The highest peaks of the Appalachian Mountains are home to many animal species found nowhere else on Earth. These species include many tiny arthropods, such as insects, millipedes and their relatives living in leaf litter of forests located in high elevations on the mountains. Research in these mountain communities has revealed many new species in recent years, but the full scope of their diversity remains unclear. In an effort to discover and protect these unique species, Clemson University entomology professor Michael Caterino plans to collect and document as many arthropods as he can from the mountains.
BLACKVILLE – Most watermelons produced in South Carolina are seedless, but how are they produced if they don’t make any seed? By seed, of course. The process of growing seedless watermelons was explained to about 300 people who attended the 2019 Clemson Watermelon Field Day at the Clemson Edisto Research and Education Center (REC) by Clemson […]
Clemson Cooperative Extension associate and adjunct horticulture professor Bob Polomski has received the 2019 Media Awards Silver Medal of Achievement from GardenComm: Garden Communicators International for his webinar, Have you checked your trees lately? A routine check-up of trees saves lives and property. The webinar is part of the series, Understanding Urban and Community Forests: […]
CLEMSON –Agriscience teachers from all over the United States met at Clemson University to STEM it UP! for floriculture education at a professional development conference focused on teaching them everything they need to know to get their floriculture curriculum in full bloom. The teachers were part of the first-ever STEM it UP! conference, sponsored by […]
CLEMSON – Sweltering temperatures and low-moisture conditions can have a large impact on South Carolina soybeans, causing farmers to turn away from one of the state’s highest-yielding crops. But, some Clemson researchers are studying how to develop soybean varieties that can germinate and grow under drought conditions. Sruthi Narayanan, an assistant professor of crop science […]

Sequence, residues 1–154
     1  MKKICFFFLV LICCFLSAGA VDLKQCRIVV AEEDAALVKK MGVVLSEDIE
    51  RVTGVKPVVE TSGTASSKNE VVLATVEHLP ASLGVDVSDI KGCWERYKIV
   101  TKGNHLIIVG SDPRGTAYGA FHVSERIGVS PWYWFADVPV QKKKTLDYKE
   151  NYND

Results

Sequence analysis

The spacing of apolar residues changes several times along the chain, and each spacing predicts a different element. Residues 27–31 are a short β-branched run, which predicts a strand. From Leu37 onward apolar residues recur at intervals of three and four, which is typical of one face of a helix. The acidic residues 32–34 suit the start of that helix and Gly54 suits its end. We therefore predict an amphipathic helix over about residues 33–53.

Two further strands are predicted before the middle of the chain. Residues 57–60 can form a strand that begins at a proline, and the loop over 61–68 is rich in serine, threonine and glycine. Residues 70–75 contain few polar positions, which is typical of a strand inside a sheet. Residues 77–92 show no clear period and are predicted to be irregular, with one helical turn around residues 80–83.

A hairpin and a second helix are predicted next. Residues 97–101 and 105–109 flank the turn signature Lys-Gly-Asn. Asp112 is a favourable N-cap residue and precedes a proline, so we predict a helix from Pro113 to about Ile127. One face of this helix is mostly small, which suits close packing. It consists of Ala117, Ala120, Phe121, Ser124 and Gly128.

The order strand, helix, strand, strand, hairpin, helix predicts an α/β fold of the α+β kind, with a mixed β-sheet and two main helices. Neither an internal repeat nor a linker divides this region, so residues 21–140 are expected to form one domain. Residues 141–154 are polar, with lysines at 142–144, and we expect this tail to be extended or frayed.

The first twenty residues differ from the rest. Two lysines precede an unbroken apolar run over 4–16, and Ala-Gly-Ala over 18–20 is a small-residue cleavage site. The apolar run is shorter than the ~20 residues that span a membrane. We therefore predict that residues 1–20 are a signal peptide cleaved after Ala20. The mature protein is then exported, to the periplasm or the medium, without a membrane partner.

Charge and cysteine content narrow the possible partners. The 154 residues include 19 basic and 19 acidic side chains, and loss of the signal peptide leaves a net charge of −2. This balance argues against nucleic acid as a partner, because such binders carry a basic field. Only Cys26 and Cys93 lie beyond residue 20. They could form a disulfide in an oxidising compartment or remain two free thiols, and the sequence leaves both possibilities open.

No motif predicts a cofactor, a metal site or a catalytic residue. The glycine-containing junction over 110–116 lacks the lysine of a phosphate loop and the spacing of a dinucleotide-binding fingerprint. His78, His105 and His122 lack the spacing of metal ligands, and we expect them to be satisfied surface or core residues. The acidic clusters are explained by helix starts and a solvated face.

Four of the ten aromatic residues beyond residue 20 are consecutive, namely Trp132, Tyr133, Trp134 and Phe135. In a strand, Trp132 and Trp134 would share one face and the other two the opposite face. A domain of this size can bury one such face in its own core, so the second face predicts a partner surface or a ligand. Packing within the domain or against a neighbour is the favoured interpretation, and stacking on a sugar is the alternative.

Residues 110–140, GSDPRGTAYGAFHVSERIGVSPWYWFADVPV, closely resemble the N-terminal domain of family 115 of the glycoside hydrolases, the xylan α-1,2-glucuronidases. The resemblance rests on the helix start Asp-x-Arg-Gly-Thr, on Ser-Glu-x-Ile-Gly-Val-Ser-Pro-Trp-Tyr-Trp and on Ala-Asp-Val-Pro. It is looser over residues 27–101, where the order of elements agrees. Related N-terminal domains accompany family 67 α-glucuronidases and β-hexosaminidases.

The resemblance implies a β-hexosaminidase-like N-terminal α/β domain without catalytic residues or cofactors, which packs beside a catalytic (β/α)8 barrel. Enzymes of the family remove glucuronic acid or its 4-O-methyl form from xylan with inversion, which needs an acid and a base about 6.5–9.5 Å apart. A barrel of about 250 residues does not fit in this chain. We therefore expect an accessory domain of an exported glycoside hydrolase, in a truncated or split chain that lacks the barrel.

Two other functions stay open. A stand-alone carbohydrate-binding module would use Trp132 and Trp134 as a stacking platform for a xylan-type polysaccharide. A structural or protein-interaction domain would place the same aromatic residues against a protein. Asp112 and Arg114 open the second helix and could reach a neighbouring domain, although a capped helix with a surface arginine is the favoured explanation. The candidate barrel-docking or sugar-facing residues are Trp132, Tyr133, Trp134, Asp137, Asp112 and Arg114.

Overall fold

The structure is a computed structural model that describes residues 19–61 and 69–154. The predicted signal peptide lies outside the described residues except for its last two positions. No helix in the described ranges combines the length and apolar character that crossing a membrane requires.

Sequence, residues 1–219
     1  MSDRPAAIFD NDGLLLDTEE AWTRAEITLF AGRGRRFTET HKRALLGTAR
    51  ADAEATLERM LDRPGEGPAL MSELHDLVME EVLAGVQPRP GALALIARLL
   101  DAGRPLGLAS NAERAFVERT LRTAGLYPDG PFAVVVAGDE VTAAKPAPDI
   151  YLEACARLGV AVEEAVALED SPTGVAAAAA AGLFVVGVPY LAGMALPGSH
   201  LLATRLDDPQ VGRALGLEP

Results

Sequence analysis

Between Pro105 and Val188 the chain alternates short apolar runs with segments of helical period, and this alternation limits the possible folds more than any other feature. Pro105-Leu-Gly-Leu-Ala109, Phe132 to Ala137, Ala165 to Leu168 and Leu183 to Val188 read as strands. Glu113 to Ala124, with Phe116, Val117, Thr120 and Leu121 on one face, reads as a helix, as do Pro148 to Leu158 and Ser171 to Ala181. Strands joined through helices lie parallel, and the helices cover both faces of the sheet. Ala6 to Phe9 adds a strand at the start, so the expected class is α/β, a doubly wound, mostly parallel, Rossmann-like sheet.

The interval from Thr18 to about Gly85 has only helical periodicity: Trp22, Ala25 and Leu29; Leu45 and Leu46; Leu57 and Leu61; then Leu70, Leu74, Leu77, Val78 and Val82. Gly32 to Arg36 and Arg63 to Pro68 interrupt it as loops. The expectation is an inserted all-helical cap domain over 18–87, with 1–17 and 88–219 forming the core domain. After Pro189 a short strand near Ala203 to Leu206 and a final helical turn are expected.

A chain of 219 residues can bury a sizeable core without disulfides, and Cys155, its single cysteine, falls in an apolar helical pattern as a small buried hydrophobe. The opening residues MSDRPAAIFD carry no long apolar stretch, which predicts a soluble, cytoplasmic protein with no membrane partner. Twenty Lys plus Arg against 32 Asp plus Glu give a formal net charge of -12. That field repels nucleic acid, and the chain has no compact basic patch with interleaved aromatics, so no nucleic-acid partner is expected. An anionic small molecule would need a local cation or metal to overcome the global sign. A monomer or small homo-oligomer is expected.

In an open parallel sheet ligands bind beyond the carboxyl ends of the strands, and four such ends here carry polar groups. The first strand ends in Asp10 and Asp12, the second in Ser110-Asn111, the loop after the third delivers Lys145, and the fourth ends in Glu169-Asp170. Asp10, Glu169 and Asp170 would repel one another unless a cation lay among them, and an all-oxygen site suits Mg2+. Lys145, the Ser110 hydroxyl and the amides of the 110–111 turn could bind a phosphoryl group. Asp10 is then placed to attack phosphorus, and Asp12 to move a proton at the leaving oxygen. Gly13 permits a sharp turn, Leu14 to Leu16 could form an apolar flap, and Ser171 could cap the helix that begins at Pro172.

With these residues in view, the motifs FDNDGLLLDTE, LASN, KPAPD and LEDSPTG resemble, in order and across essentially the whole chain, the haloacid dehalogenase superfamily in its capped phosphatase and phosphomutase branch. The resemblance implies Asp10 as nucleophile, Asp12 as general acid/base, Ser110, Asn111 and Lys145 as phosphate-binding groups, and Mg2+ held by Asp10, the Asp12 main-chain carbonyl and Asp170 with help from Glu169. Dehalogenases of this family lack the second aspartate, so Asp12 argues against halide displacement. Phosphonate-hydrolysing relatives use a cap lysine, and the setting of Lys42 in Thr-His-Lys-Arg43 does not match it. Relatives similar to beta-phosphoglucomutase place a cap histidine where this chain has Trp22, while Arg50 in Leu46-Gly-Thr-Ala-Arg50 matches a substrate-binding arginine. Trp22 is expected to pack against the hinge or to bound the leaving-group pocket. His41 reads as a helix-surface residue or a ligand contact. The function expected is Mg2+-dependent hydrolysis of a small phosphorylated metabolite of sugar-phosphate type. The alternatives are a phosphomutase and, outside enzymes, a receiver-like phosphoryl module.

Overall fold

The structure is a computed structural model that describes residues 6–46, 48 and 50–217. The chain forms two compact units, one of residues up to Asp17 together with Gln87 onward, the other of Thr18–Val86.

What came first, the chicken or the egg? If a tree falls in the forest and no one is there to hear it, does it make a sound? If seedless watermelon don’t make seeds, what do farmers plant to grow them? While Clemson agricultural scientists can’t answer the first two eternal questions, they will be sure to answer the third during the 2019 Watermelon Field Day slated for July 11 at Clemson’s Edisto Research and Education Center, 64 Research Road, Blackville.
Weeds cause $32 billion in crop losses each year by battling crops for nutrients from the soil, according to Matt Cutulle, assistant professor of vegetable weed science at Clemson’s Coastal Research and Education Center. Effective weed control starts when growers are mindful of the weed-free period, which is a critical point during the growing season when weeds cause the largest yield loss, he said.
FLORENCE – Clemson researchers are working with the Carolina Gold Rice Foundation to revive heirloom grains in South Carolina and renewal of the university’s Small Grains Breeding and Genetics Program is one asset researchers believe will assist in this effort. Rick Boyles, a research scientist at the Clemson University Pee Dee Research and Education Center […]
CLEMSON – Clemson turfgrass specialist Bert McCarty is joining researchers across the United States to lay waste to turfgrass enemy Poa annua, commonly called Poa, while he grooms the next generation of turfgrass experts. McCarty is part of a group embarking on a $5.6 million USDA project to determine how to limit the impacts of […]
CLEMSON – Poa annua and spring dead spot strike fear in turfgrass managers, but Clemson University specialists are ready to help quell any fears by offering research-based advice on how to control these golfing adversaries. Clemson will have its annual Poa Control Field Day on April 23. The event begins at 9 a.m. at the Walker Golf […]
A select group of Clemson University undergraduates have just returned from Louisville, Kentucky where they participated in a Meeting of the Minds with other Atlantic Coast Conference students.
Gardeners, homeowners and others preparing to plant flowers this spring have an opportunity to buy local plants grown in high-tech greenhouses and cultivated by Clemson University horticulture students and professors. The annual Clemson Horticulture Student Plant Sale is Friday, April 5.
Fourteen students in Clemson University’s College of Agriculture, Forestry and Life Sciences (CAFLS) received seed funding that will allow them to pursue research in areas such as agricultural education, coastal conservation, livestock breeding and crop pest damage. The students are the first to participate in a new undergraduate research initiative designed to develop their critical […]
For the second consecutive year, a Clemson Cooperative Extension Service publication has been named to the South Carolina State Library’s Notable State Documents list. The book, Common Weeds and Wildflowers, written by Bert McCarty, renowned turfgrass researcher, is one of 12 publications and websites declared a Notable State Document.
Clemson Extension and South Carolina Department of Agriculture prepare S.C. produce growers for federal inspections.